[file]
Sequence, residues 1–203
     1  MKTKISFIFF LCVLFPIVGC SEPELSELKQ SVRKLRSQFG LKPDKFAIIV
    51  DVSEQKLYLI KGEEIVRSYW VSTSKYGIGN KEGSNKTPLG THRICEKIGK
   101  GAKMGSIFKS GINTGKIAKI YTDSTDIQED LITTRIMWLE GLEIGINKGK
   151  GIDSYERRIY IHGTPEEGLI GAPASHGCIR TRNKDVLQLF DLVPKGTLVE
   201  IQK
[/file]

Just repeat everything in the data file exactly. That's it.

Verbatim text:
Sequence, residues 1–203
     1  MKTKISFIFF LCVLFPIVGC SEPELSELKQ SVRKLRSQFG LKPDKFAIIV
    51  DVSEQKLYLI KGEEIVRSYW VSTSKYGIGN KEGSNKTPLG THRICEKIGK
   101  GAKMGSIFKS GINTGKIAKI YTDSTDIQED LITTRIMWLE GLEIGINKGK
   151  GIDSYERRIY IHGTPEEGLI GAPASHGCIR TRNKDVLQLF DLVPKGTLVE
   201  IQK